Max Linster went through the small side gate and saw the large house in front of him. Not far away, a church clock told him that it was ten o’clock. He had half an hour to do the job. At midnight a private plane would take off for Europe from a lonely field in Norfolk, and Linster planned to be on it even if his last job in England was not successful.
He walked towards the house and saw a room with a light on. He looked quickly through the window and saw that it was the servants’ room. Then he moved round the building and climbed to the upstairs room that his orders had described. It was not difficult to reach, and the window was unlocked, as promised.
He stepped inside, and waited.
After a moment, he heard someone coming and moved quickly and silently across to the door. He hid behind it. It opened slowly. Someone put on the light. The man who came in was about thirty-five years old. He had fair hair, and the right arm of his coat was empty.
«Mr Elliston?» Linster said from behind him.
Jacob Elliston turned quickly. He looked at Linster for a moment, then said, «So you’re the person they sent.»
«I’m who they sent,» agreed Linster.
Elliston closed the door. «We have to be quick,» he said. «You’ve guessed that this is my wife’s bedroom. She’s downstairs with her brother, but he’ll leave to catch his train in a minute or two, and she’ll come up to bed.»
Linster looked at his watch but said nothing.
«Please understand,» Elliston went on, «that you will get no money if you don’t succeed in… er…»
«In killing the lady,» Linster finished for him, with a smile. «Yes, I understand, Mr Elliston. It’s cash on delivery.»
He stepped forward — carefully, because this was the first part of his plan. He was not like some other men he knew. He was not interested in murder if robbery could do the same job…
«You have the cash ready, I hope.»
Elliston took a gun from his pocket. «Don’t try that,» he said. «The money is safe in my bedroom. If you want it, you’ll have to finish the job.»
«Of course,» said Linster, smiling.
«You must use both hands,» said Elliston.
Linster looked at the empty arm of the other man’s coat. «Yes, that’s sensible,» he said. «They always look for clues like that.»
«And you must pretend there was a burglary,» said Elliston. «Take that jewel-box. There’s nothing valuable in it, but you could not know that because it’s locked.»
Still holding his gun, Elliston moved towards the door. «I’m going to my bedroom where I shall turn my radio on loud.» He opened the door a little. «That’s my wife’s brother leaving now. She’s tired, and will come up almost at once. I’ll return with the money in… twenty minutes.»
Elliston left, and soon the sound of music came from another room. Linster looked around for a good place to hide and saw a clothes cupboard. He would not to be able to see anything from inside it, but he could still hear. He turned off the light and disappeared into the cupboard like a shadow.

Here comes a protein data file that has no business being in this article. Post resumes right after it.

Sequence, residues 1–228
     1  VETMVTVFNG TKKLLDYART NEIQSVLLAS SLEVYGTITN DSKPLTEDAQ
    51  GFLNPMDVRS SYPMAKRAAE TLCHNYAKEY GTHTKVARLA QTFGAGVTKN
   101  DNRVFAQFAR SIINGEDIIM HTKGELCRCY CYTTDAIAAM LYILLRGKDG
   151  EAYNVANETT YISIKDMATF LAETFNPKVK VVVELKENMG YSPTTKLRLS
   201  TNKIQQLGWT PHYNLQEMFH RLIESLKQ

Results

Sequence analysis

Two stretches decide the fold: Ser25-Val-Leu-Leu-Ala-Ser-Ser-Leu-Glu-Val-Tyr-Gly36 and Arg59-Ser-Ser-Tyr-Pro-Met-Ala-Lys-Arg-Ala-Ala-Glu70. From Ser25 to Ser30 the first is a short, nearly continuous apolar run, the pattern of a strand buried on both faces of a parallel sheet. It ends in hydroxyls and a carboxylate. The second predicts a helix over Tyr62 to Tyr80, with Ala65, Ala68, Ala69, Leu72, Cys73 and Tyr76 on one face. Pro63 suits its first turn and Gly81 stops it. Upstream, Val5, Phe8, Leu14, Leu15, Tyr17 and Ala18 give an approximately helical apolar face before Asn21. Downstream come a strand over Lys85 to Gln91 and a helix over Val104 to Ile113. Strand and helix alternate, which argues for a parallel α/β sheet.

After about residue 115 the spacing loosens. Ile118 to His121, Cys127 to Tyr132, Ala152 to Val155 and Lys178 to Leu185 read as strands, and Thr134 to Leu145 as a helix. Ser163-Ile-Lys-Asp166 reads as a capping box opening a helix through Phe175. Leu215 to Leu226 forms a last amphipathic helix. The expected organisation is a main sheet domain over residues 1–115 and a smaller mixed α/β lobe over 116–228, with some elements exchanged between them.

Josephine Demessieux, the young and pretty French servant, came into the bedroom and closed the door. In a bored and careless way, she got the bed ready for Mrs Elliston. There was plenty of time because Mrs Elliston was walking to the railway station with her brother. It was something which she had decided to do at the last moment.
Josephine looked around at the beautiful things which Mrs Elliston owned. She put on one of the rings, then a pretty brooch. Next, she put on a short fur coat which made her look very different when she saw herself in the mirror. «I’m like a real lady,» she thought.
It was then that Linster moved out of the clothes cupboard. He went silently up behind her. He watched her face in the mirror and was still a metre or two away when she saw him and turned. But his left hand was large and fast. It closed around her narrow throat. She made no sound as she died…
Linster gently put her body on the bed, then covered her with a blanket. It took only a few minutes to open cupboards and made them look untidy. He looked at the little jewel-box, then threw it under the bed.
When Elliston entered the room again, still with the gun in his hand, he looked at the shape under the blanket. He said, «It — it’s done?»
«Yes,» said Linster. «It’s done.»
«You’re sure she’s…?»
«Yes, Mr Elliston, she’s dead.» Linster pulled a white hand from under the blanket. «If you don’t believe me, feel this.»
But Elliston jumped back, shaking. «That ring,» he said slowly. «It’s one she almost never…»
Linster dropped the hand. «The money, Mr Elliston. Five thousand.»
The money was silently put into his hands.
«I’m going now, Mr Elliston,» said Linster. And then with a smile said, «Sorry I can’t stay and talk to that pretty little servant that your wife has.»
Elliston looked surprised. «The girl?»
«The girl,» replied Linster. «I looked through the window of your servants’ room before I climbed up here, and there she was. Dark. A soft-looking mouth. A pretty girl. I’d recognize her again, anywhere. But I had this job to do. And you don’t get paid until you’ve done the job, do you? It’s cash on delivery. And a man must live.»
«I don’t understand what you’re talking about,» said Elliston.
But Linster was already climbing out of the window. «You will, Mr Elliston,» he said. «You will.»